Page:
Friday One Sheet: EYES WIDE SHUT
Yes, this has been floating around movie-nerd internet for some time, however, in the tradition of this column, that the last Friday before Christmas shall be an alternate Eyes Wide Shut poster, here we are.
This 'Hallmark Christmas Movie' spoof was created for a screening of the film at the Bíó Paradís cinema in Reykjavik by Icelandic comedian, illustrator, and cartoonist Hugleikeur Dagsson. Using the more or less forgotten Vince Vaughn, Reese Witherspoon holiday vehicle, Four Christmases, as a template, Dagsson not only subverts the 'lazy holiday-themed content' trend that has been exploding on various streaming platforms in the past few years, but it also foregrounds Stanley Kubrick's feature-length emasculation of super-star Tom Cruise by emphasizing the height difference between himself and ex-spouse Nicole Kidman at every opportunity in the film.
Cruise and Kidman did several films together in the 1990s, including Far & Away and Days of Thunder, where both Ron Howard and Tony Scott make serious effort to not show the significant difference in physical stature. Kubrick was trucking no such nonsense, and he fits the actors in body length mid-shots every chance he can get.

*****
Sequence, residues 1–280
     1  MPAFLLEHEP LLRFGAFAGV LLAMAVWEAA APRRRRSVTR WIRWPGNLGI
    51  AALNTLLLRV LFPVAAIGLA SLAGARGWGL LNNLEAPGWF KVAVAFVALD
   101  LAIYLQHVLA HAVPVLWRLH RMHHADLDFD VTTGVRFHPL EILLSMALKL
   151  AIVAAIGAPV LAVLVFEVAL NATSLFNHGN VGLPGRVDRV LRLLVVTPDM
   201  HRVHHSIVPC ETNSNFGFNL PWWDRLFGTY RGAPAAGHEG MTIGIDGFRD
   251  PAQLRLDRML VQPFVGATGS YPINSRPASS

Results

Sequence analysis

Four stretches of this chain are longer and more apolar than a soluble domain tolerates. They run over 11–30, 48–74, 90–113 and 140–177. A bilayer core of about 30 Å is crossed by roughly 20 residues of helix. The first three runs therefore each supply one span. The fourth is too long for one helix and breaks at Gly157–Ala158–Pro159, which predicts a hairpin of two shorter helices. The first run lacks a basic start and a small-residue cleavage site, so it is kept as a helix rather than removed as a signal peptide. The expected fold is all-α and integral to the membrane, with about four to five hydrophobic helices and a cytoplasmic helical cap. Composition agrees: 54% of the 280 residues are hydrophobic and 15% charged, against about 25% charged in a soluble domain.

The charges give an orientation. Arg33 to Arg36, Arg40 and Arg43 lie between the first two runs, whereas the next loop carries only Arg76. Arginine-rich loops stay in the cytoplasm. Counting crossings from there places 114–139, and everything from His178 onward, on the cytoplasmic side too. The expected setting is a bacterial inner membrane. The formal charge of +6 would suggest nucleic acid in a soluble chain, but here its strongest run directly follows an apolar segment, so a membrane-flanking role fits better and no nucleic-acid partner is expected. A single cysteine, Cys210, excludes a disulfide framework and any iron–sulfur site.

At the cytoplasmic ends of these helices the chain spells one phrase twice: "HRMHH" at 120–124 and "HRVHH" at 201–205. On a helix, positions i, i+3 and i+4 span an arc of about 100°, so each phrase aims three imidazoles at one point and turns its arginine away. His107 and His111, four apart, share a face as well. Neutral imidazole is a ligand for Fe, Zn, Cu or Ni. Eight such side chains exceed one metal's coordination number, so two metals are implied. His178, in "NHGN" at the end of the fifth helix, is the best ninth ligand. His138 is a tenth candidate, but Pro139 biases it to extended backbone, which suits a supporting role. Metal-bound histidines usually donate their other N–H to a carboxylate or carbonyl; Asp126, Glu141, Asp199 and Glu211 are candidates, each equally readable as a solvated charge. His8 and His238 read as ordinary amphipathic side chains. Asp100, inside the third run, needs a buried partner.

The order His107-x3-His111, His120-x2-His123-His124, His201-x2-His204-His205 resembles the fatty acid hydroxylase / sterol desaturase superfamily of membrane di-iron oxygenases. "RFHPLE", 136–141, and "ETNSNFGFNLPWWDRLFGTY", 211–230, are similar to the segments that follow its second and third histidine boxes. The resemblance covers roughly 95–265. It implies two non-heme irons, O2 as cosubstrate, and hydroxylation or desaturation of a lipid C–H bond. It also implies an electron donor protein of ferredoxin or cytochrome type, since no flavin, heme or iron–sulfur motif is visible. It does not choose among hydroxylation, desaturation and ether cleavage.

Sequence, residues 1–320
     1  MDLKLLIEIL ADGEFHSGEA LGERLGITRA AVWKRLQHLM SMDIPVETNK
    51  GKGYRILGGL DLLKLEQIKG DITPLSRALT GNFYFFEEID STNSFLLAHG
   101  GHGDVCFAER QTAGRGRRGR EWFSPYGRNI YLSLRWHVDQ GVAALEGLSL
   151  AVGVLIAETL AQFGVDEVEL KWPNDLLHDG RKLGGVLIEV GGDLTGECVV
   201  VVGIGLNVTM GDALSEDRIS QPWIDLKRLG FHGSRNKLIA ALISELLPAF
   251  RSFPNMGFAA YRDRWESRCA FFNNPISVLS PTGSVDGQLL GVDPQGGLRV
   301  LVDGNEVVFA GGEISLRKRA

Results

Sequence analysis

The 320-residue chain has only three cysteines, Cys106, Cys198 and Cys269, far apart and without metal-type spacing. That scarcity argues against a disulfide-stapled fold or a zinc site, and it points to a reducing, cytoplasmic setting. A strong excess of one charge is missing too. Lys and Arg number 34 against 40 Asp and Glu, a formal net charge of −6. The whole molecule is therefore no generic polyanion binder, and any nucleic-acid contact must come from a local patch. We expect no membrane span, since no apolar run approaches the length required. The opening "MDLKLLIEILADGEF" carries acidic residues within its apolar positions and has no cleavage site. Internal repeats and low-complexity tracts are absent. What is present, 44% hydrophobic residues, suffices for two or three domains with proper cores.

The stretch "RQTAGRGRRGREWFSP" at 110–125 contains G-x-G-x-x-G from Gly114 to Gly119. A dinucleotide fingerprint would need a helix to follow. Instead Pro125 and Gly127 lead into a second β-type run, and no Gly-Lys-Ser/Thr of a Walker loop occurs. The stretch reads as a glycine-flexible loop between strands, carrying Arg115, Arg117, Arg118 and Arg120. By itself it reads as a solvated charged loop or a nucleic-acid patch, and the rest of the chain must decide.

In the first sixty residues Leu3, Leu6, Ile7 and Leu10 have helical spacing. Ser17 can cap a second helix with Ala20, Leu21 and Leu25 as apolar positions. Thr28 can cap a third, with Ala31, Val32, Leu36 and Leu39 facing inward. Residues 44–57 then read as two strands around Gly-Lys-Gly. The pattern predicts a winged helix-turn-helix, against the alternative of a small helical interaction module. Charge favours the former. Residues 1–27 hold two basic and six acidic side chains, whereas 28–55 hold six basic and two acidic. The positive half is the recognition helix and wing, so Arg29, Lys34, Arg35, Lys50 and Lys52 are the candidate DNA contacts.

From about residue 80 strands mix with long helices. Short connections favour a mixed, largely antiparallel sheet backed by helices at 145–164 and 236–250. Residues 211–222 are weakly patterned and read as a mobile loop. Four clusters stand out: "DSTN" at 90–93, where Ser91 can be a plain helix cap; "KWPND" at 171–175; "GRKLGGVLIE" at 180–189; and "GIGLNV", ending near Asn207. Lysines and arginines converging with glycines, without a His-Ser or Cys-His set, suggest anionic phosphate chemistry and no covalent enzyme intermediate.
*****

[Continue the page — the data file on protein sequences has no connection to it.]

That is not to say that Eyes Wide Shut exists solely to undermine Cruise's movie persona. Albeit he also never gets sexual gratification in a movie with a lengthy orgy set piece, and many women (and Alan Cumming) throwing themselves at him over the course of a strange few days of holiday parties, doctoring, and Christmas shopping. Eyes Wide Shut has much more going on narratively, thematically, and technically, and yet it is a bizarre, schadenfreude surface reading of the film to watch the film undermine a marriage that would crumble following a shorter span of time after its 1999 release date, than the length of time it took to shoot the film.
The tagline here is brilliant in its banality (and its weird allusion to the story here), in the most boring typesetting possibly. I have nothing against the clarity and ubiquity of Helvetica, but nonetheless, it does offers the certain kind of clean vacuous vibe ("live love laugh") that this poster is aiming for.
In the final word uttered in this film, and Kubrick's superb cinematic legacy: "FUCK."